At the opening of the play, Hedda and Jørgen have returned to their bourgeois home and to Jørgen’s bourgeois aunts after a wretched six-month European honeymoon. Hedda is suffering from massive ennui already, compounded by a pregnancy she ferociously denies. When she learns that Eilert Løvborg has reformed under the tutelage of ordinary Thea Elvstad, whose lovely curling hair she has always envied, Hedda exacts a horrifying vengeance. She goads Løvborg to drink again; he loses the only manuscript of the monumental book he has composed with Thea’s help, and he later comes to his senses in the boudoir of the redheaded Mlle Diana, a notorious fille de joie. Jørgen finds Løvborg’s manuscript and gives it to Hedda, but when Løvborg, frantic at the loss of his “child,” comes to Hedda for help, she denies all knowledge of it.
Alone, Hedda burns his book, and after a final conversation, she sends him to a “beautiful” death by handing him one of her father’s dueling pistols. Hedda’s own moment of despair arrives when she learns that Løvborg has botched his suicide disgracefully. She now is trapped not only with Jørgen, and Thea Elvstad, now Jørgen’s scholarly inspiration, and his remaining aunt, but also with a blackmail threat from lascivious Judge Brack. Her only escape is to kill herself and Jørgen’s despised unborn child.
The portrayal of Hedda Gabler has challenged actresses throughout the play’s history, and critics have read her variously as a frustrated feminist, a remnant of the shattered aristocracy, a sadistic psychopath, and even, as Meyer does, as Ibsen’s “Portrait of the Dramatist as a Young Woman.” No one-sided interpretation seems adequate. Throughout this play, the most claustrophobic of Ibsen’s dramas, Hedda Gabler moves in a web of complex symbols, trapped at last, according to Haugen, “between a Christian-bourgeois domesticity and a pagan-saturnine liaison.” Her father’s pistols, symbols of his rank, his avocation, and his personality, represent both Hedda’s entrapment and her release, for the pistol found with the mortally wounded Eilert Løvborg at Mlle Diana’s establishment catches Hedda in an unthinkable scandal, while the remaining one allows her to make restitution to the only person who matters now to Hedda Gabler—herself.
Hedda Gabler is appropriately the last of Ibsen’s psychological dramas. Ibsen often claimed that “Self-realization is man’s highest task and greatest happiness,” yet, as he expressed it in Peer Gynt, “to be oneself is to slay oneself.” Hedda Gabler’s tragedy is not merely the selfish act of a spoiled, bored woman, but a heroic act to free herself from a domination she cannot accept. Incapable of selfless love for a fatal multitude of reasons, Hedda Gabler at last even ruefully abandons her youthful dream of “vine leaves in his hair,” the pagan ecstasy that had aroused her sensuous curiosity toward Eilert Løvborg. Her self-realization allows her one last moment of paradoxical human life, the moment she leaves it, a poetic truth of “hidden and mysterious power,” in Martin Esslin’s words, “which springs from the co-existence of the realistic surface with the deep subconscious fantasy and dream elements behind it.”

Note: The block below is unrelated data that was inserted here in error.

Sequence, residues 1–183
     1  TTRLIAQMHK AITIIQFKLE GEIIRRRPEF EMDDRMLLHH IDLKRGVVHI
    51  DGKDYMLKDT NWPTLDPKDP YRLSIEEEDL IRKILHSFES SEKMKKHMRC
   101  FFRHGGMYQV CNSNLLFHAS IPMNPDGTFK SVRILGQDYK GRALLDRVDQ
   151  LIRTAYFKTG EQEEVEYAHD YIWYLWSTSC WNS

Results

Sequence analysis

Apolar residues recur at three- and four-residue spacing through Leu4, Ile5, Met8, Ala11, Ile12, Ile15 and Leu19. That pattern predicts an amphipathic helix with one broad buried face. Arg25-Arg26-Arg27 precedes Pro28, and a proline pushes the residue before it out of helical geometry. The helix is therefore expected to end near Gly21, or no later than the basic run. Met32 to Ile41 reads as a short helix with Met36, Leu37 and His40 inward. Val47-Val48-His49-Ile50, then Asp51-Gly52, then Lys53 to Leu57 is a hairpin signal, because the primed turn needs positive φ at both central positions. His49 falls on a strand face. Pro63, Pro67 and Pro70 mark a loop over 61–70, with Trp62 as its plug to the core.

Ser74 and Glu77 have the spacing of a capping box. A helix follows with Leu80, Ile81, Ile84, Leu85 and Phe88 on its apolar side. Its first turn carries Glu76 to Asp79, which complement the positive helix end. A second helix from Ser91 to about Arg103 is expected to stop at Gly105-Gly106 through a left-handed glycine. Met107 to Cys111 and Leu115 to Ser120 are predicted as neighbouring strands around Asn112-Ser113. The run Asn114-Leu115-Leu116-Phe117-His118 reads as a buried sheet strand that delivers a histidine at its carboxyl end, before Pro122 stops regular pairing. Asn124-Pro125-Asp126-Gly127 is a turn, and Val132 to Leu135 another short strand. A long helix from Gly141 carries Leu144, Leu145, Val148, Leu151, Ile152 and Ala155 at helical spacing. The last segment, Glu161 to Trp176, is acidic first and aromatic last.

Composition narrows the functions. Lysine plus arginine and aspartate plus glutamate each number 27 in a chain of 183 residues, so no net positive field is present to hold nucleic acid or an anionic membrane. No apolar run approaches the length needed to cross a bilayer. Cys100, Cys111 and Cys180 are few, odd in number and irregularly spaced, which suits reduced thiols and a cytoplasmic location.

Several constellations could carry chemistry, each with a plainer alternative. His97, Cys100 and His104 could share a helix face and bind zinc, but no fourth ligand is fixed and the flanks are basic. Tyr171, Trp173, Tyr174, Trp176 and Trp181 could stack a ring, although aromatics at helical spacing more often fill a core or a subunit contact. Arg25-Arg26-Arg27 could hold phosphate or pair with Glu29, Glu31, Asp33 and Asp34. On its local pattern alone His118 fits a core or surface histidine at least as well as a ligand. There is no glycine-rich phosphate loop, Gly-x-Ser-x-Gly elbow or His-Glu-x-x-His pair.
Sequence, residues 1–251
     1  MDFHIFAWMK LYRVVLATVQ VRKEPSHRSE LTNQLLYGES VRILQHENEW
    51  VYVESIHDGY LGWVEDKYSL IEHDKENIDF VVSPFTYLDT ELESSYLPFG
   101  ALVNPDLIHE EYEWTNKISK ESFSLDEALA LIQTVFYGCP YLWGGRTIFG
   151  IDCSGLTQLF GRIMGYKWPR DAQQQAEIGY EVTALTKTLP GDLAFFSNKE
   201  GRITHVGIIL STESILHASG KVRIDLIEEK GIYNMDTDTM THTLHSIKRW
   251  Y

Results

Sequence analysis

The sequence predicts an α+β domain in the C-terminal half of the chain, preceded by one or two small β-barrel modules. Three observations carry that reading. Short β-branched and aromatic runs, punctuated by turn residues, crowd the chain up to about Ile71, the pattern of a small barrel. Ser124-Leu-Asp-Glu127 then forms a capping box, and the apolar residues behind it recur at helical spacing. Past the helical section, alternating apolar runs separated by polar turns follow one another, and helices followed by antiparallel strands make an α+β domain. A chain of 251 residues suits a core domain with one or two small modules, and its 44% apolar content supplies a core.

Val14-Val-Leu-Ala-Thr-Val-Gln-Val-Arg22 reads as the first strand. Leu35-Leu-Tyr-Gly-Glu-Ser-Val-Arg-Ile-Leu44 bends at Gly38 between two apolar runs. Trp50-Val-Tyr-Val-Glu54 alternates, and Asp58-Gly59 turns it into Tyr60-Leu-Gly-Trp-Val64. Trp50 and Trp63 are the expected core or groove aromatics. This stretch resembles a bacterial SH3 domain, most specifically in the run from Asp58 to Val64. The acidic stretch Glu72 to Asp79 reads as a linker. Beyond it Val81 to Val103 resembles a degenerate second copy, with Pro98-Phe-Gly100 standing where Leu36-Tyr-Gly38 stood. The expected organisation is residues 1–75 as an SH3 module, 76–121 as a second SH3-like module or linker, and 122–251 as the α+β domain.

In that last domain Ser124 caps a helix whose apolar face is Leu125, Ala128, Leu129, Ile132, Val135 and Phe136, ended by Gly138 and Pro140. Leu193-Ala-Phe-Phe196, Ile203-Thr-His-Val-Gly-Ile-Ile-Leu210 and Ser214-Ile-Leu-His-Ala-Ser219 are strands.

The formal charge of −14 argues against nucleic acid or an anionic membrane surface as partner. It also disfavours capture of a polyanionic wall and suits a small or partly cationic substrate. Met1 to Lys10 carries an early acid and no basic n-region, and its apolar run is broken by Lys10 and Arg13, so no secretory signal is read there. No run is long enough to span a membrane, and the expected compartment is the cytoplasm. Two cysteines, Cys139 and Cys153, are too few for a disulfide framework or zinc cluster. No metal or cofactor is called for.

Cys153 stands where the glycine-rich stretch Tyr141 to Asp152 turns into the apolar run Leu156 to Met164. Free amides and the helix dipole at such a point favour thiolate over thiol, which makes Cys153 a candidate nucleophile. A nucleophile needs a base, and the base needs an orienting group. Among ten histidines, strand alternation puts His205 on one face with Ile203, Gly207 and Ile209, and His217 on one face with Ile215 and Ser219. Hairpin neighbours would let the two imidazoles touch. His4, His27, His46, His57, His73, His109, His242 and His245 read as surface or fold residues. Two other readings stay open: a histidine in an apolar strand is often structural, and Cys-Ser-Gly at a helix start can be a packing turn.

The Master Builder
Not long after the publication of The Master Builder, Ibsen stated, “It’s extraordinary what profundities and symbols they ascribe to me. . . . Can’t people just read what I write?” Ibsen insisted then, as always, that he only wrote about people’s inner lives as he knew them: “Any considerable person will naturally be . . . representative of the . . . thoughts and ideas of the age, so that the portrayal of such a person’s inner life may seem symbolic.” Having shared experiences, at least to some degree, with many of his characters, Ibsen’s last plays, the philosophical garnering of his life’s harvest, are in that sense rich in symbol.
The title “Master Builder” has been applied frequently to Ibsen himself in recognition of his mastery of his craft and art, and more perilously, as an identification of the dramatist with the hero of the first of his philosophical plays, Halvard Solness, a talented architect just realizing that he is passing his prime. At the peak of his chosen profession, Solness is gnawed by his wife’s unhappiness, a result of his absorption in his work, and obsessed by his strange ability to affect the lives of others, especially his bookeeper Kaja, by the extrasensory projection of his powerful will.
Solness had begun his career with churches erected to the glory of God, though for the last ten years he has defied God by choosing to build only human dwellings. Now Solness is attempting a synthesis, a “third world” of architecture, by building himself a home with a tall spire, like a church. At this difficult moment in his art and life, the passionate young Hilde Wangel enters both. She had become infatuated with Solness ten years earlier when he had daringly hung his last dedication wreath on the tower of her village church. She now urges him to repeat the feat, though he has begun to suffer from vertigo, and, inspired by her youthful ardor, he attempts “the impossible” again. As Hilde waves her white shawl—like Rebecca’s, but completed, quivering to unseen harps—Solness plunges to his death.